Moves to introduce a national ID database in Scotland could be subject to a legal challenge, a data privacy group has warned.
On Wednesday, Members of the Scottish Parliament (MSP) voted narrowly in favour of opening up the country's NHS register to hundreds of public bodies, including HMRC.
Critics say the introduction of a "unique citizen reference number" amounts to the introduction of a national database through the backdoor.
Liberal Democrat leader Willie Rennie called the debate to derail the plans, but the majority of MSPs voted in favour of the plans 65 votes to 60.
The Scottish National Party has argued the scheme will be key to underpinning a "digital government". The UK's HMRC also wants access to the NHS database to check that individuals are not avoiding tax.
Jim Killock, executive director of data campaign organisation The Open Rights Group, said the group may mount a legal challenge to the system once the Scottish government has published its consultation response to the plans.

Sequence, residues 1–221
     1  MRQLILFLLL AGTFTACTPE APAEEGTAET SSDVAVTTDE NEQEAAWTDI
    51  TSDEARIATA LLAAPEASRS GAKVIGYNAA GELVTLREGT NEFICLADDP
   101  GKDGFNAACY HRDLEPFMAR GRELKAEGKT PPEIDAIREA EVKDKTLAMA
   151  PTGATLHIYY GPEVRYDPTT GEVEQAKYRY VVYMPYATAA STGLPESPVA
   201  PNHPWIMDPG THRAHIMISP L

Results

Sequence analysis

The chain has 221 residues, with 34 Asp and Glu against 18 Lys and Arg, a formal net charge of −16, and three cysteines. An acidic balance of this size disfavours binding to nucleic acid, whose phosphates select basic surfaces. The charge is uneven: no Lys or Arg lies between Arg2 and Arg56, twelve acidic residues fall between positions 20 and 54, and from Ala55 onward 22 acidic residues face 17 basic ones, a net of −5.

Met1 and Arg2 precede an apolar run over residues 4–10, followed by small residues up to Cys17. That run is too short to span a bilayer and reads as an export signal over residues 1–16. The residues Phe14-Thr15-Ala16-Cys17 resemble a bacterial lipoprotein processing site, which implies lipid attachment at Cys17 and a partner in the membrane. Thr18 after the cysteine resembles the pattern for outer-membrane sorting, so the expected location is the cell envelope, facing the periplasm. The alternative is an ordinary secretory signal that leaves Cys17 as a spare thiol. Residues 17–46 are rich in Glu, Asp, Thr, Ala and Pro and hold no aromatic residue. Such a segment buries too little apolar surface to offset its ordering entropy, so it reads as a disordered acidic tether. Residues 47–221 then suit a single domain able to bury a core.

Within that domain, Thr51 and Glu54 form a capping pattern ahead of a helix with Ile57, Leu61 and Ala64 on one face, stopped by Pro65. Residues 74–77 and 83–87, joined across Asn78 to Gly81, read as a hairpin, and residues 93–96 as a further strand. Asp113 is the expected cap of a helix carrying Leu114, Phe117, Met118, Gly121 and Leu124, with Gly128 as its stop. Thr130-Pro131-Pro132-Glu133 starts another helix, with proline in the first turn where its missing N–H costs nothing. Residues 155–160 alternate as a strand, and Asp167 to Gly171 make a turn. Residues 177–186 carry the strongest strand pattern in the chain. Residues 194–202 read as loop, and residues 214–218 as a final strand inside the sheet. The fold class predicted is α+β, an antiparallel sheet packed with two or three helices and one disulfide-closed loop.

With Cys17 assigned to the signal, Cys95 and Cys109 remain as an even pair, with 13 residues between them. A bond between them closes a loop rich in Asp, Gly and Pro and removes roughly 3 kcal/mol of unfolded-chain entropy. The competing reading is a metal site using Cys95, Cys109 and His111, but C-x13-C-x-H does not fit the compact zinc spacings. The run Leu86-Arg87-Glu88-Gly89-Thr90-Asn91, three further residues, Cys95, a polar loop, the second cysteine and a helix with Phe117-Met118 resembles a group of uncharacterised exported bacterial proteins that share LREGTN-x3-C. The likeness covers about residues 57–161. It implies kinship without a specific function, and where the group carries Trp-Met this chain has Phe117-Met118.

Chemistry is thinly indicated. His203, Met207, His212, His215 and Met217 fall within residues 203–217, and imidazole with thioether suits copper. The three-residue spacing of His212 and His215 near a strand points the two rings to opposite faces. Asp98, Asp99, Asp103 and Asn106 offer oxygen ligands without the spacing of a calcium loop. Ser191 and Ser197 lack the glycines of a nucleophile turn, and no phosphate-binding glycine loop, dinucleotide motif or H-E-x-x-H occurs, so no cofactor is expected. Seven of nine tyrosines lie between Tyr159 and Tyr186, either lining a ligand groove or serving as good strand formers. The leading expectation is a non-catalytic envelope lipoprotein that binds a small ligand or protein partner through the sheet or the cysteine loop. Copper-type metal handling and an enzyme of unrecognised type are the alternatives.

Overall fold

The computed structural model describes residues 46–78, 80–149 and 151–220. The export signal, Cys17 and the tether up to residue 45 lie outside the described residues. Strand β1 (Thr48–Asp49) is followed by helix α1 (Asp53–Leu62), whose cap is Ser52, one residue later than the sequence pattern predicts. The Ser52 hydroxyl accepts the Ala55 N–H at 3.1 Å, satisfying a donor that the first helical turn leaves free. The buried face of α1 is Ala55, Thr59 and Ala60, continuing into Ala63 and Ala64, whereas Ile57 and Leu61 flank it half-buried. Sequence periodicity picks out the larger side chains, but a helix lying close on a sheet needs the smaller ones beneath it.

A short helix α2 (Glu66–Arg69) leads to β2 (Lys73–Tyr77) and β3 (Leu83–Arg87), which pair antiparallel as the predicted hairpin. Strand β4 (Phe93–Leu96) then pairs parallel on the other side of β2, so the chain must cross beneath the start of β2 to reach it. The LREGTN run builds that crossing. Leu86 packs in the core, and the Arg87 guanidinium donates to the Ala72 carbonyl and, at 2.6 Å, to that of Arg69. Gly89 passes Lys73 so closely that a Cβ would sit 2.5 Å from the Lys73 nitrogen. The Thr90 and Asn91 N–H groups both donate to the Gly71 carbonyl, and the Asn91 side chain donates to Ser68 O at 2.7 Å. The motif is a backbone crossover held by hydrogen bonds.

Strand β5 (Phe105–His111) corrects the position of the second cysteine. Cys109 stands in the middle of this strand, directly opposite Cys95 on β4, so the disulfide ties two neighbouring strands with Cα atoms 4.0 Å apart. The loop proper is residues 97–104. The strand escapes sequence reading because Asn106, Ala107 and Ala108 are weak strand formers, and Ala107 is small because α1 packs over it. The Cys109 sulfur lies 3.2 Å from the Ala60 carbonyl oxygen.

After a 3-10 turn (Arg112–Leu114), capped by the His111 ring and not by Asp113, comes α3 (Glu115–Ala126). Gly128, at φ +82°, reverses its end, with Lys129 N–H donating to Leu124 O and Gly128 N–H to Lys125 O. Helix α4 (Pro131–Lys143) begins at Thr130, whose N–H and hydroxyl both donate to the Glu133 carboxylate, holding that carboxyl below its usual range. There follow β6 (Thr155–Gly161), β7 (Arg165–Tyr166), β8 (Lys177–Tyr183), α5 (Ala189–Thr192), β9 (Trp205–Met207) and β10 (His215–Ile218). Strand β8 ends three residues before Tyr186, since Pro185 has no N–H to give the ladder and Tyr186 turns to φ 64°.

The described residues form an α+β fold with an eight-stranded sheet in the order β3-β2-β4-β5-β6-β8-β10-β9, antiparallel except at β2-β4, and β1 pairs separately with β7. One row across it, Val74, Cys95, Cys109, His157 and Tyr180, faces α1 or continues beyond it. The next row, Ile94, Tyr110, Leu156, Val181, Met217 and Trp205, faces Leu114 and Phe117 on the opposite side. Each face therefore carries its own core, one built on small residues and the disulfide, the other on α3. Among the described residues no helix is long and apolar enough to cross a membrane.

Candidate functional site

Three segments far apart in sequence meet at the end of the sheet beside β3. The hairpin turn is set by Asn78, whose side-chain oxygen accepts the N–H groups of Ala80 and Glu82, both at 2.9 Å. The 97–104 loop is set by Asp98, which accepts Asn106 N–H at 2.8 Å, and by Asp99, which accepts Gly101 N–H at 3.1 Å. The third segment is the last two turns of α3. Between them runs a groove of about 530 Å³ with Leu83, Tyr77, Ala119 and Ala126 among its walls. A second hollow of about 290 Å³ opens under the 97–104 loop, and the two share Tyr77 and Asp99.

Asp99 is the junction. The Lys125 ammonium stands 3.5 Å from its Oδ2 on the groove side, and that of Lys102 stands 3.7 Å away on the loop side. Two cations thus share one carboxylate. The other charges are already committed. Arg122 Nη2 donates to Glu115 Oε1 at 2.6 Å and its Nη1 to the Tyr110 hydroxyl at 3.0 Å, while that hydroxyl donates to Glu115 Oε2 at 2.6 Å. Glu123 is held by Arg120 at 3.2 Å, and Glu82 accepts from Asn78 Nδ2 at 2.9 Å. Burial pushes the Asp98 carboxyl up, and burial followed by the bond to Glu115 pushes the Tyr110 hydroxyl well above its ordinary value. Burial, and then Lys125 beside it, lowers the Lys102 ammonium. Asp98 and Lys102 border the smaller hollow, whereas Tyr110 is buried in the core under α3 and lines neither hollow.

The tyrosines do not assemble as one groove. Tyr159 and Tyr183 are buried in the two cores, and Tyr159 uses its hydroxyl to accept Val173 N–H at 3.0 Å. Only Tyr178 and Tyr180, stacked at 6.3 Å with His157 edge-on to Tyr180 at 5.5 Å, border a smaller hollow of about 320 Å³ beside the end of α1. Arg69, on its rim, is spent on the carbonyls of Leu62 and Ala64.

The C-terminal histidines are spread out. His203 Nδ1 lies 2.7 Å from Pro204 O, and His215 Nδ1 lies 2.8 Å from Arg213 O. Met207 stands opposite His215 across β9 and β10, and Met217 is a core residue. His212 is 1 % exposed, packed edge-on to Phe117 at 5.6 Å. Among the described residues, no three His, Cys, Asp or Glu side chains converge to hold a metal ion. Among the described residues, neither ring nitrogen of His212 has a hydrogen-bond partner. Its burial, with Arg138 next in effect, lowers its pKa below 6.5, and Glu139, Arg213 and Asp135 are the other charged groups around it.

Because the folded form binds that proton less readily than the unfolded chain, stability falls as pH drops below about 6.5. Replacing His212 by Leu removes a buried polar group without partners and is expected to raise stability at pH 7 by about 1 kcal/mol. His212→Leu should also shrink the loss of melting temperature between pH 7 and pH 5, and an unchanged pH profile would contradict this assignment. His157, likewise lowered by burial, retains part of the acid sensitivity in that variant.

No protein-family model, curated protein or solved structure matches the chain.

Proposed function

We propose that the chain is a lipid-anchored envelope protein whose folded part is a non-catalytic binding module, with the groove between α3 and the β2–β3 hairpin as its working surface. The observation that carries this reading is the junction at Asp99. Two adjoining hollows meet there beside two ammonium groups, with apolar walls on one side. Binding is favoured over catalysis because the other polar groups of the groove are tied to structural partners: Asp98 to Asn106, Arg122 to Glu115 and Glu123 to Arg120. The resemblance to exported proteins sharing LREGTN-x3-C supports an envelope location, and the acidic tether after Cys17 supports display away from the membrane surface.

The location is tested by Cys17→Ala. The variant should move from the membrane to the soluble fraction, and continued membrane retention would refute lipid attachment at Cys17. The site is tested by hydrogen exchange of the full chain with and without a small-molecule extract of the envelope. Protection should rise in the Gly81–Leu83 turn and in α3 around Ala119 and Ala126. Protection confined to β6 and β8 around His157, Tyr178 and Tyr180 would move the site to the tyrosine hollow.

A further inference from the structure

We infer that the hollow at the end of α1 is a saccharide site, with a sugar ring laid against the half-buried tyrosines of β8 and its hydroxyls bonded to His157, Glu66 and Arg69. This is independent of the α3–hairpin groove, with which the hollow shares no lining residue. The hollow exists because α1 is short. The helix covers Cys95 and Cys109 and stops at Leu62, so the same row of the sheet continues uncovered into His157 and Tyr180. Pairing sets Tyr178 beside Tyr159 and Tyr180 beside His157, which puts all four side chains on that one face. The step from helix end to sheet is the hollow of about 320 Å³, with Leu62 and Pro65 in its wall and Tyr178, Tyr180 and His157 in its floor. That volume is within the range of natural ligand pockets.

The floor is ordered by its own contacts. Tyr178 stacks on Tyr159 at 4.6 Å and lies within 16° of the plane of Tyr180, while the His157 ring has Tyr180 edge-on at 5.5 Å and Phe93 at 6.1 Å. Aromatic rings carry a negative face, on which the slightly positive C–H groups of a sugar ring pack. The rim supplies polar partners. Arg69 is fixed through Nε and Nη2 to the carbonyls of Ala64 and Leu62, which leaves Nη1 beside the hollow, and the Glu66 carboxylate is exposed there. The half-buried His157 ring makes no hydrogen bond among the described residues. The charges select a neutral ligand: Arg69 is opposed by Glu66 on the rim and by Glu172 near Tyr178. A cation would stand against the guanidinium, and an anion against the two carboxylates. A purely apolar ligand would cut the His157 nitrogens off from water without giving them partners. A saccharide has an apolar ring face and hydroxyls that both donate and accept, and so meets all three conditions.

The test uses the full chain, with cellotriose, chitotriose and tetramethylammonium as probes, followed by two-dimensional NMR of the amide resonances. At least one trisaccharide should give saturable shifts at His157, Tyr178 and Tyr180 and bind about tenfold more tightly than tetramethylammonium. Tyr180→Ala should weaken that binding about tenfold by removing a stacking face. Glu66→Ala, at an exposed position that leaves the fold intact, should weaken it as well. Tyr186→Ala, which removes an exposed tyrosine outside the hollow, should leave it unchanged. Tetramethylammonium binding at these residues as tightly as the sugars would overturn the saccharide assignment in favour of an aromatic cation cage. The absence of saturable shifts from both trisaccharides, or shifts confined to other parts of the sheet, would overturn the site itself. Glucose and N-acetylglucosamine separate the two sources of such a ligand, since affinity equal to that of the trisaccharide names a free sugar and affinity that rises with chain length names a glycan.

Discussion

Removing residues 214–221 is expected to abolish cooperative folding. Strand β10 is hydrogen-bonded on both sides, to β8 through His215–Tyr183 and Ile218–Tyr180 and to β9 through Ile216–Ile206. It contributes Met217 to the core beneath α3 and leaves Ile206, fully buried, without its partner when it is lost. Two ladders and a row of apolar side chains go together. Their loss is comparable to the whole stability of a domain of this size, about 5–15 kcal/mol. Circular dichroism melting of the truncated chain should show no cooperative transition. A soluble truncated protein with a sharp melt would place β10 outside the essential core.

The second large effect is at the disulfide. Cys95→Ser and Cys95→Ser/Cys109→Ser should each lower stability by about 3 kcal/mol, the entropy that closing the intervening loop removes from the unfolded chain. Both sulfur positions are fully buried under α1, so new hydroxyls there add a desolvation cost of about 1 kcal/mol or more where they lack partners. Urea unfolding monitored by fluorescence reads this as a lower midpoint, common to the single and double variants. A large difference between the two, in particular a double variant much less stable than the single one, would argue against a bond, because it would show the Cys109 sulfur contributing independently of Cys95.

"We will look closely at what the Scottish government says and whether it has taken into account all the evidence put forward," he said.
The Information Commissioner's Office has warned that the introduction of the system is at risk of breaching data protection laws.
In its submission to the consultation the ICO said: "Whilst the ICO are neither for nor against the creation of a national identity number per se, we do advocate against the creeping use of such unique identifiers to the extent that they could become the national identity number by default."
The Open Rights Group has said the process has been created through a weak consultation. It said a “Unique Citizen Reference Number” should be subject to proper legislation.
"The consultation is so bad that the Information Commissioner for Scotland has pointed out that it may be illegal in its current form," said the ORG.
The consultation response is expected to be published in April. ®